"The last of the Jinas, Vardhaman, was at first conceived by Devananda, a Brahmana. The conception was announced to her by a dream. Sekra, being apprised of his incarnation, prostrated himself and worshiped the future saint (who was in the womb of Devananda); but reflecting that no great saint was ever born in an indigent or mendicant family, as that of a Brahmana, Sekra commanded his chief attendant to remove the child from the womb of Devanda to that of Trissla, wife of Siddhartha, a prince of the race of Jensaca, of the Kayapa family."
     In their attempts to accomplish their object, the biographers of Jesus have made such poor work of it, that all the ingenuity Christianity has yet produced, has not been able to repair their blunders.
     The genealogies are contained in the first and third Gospels, and although they do not agree, yet, if either is right, then Jesus was not the son of God, engendered by the "Holy Ghost," but the legitimate son of Joseph and Mary. In any other sense they amount to nothing. That Jesus can be of royal descent, and yet be the son of God, in the sense in which these words are used, is a conclusion which can be acceptable to those only who believe in alleged historical narratives on no other ground than that they wish them to be true, and dare not call them into question.
-- T W Doane, Chapter XVII, "The Genealogy of Christ Jesus," Bible Myths and Their Parallels in Other Religions (1882)

Bible Difficulties : Resurrection - Miracles, Myths, or Mysteries ?

Notice carefully what were happening outside and inside the sepulchre.

== Matt 28:2 ... a great earthquake: for the angel of the Lord descended ... rolled back the stone …
== Matt 28:4 And for fear of him the KEEPERS did shake, and became as dead men.
== Matt 28:5 And the angel answered and said unto the women, Fear not ye:
== Matt 28:8 And they departed quickly from the sepulchre with fear and great joy;…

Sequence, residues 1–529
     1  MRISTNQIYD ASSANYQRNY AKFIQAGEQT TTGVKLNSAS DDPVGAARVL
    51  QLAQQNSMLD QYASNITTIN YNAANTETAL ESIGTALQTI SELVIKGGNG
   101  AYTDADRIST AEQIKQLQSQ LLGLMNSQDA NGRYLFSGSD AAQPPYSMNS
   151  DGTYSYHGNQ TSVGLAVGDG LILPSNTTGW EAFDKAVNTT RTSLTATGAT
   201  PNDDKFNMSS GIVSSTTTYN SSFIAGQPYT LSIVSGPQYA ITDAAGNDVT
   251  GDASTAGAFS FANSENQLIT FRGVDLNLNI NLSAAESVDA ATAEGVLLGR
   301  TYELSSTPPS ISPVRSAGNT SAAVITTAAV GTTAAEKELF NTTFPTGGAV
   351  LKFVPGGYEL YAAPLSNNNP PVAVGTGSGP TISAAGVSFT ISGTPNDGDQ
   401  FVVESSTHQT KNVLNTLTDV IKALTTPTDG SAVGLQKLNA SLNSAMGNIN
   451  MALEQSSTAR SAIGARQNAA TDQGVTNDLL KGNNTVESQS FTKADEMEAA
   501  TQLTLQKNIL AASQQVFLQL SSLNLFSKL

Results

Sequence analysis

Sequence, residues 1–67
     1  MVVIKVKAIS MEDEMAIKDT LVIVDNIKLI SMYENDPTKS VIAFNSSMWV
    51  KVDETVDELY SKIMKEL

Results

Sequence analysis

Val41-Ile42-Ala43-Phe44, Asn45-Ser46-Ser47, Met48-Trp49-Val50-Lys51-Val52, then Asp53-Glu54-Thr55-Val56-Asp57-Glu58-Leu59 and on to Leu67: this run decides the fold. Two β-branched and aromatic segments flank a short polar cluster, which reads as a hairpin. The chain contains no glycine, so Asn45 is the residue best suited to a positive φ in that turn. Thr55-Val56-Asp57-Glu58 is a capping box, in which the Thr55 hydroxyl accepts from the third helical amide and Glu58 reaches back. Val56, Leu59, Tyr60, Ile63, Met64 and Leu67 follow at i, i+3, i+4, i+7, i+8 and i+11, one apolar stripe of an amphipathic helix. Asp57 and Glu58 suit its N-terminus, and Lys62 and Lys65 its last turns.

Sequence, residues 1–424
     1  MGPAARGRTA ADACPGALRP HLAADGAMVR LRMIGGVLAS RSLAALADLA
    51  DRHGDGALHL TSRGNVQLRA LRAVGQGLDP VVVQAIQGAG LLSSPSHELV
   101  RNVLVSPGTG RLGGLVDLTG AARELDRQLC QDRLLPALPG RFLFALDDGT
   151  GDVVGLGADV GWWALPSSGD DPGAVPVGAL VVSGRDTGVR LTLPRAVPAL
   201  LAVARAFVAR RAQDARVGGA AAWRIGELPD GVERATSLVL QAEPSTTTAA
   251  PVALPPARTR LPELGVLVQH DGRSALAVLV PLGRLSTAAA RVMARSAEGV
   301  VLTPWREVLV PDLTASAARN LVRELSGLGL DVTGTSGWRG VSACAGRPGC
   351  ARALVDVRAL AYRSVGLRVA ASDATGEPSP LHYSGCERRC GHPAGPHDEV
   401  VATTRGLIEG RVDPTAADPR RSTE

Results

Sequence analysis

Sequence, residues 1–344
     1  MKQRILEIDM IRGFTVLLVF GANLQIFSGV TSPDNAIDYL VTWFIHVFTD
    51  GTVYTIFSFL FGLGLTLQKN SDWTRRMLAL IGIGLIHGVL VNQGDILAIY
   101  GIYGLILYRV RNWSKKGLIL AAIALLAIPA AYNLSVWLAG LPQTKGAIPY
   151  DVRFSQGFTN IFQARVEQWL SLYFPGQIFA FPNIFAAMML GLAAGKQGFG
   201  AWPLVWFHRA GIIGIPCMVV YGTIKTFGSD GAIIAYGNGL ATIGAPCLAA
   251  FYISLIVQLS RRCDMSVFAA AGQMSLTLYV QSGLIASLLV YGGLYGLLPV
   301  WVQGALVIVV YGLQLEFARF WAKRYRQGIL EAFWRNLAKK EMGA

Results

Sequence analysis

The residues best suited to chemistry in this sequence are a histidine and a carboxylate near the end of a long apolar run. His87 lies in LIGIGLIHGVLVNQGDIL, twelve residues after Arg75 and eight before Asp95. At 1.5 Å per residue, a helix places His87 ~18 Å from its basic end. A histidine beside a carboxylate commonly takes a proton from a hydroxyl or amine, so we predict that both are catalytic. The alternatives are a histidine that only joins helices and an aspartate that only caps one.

== Matt 28:9 And as they went to tell his disciples,

== Mark 16:4 And when they looked, they saw that the stone was rolled away: …
== Mark 16:5 And entering into the sepulchre, they saw a young man …
== Mark 16:7 But go your way, tell his disciples and Peter
== Mark 16:8 And they went out quickly, … neither said they any thing to any man;…

== Luke 24:2 And they found the stone rolled away from the sepulchre.
== Luke 24:3 And they entered in, and found not the body of the Lord Jesus.
== Luke 24:4 ... they were much perplexed ... behold, two men stood by them in shining garments:
== Luke 24:9 And returned ... and told all these things unto the eleven, and to all the rest.

== John 20:1 … cometh Mary Magdalene early, … and seeth the stone taken away from the sepulchre.
== John 20:2 Then she runneth, and cometh to Simon Peter, and to the other disciple, whom Jesus loved,

= Matthew has earthquake, keepers of the sepulchre and the Angel outside rolling open the sepulchre for the women. The women return to tell the disciples what they encountered.
= Mark has the sepulchre already opened and the women saw the young man inside it.
The woman DID NOT tell anyone.
= Luke has the sepulchre already opened, the women saw nothing then suddenly, 2 Angels appeared. They told the 11 disciples and "all the rest".
= John is simple - Only Mary came, saw that the sepulchre was opened and immediately returned to tell Peter the "the loved disciple"

1) Why were there so many discrepancies of what happened before the women/Magdalene went into the sepulchree and when inside it?
2) Exactly, who or how many disciples were told of the strange events in the sepulchre? None, two, 11 or many disciples and followers?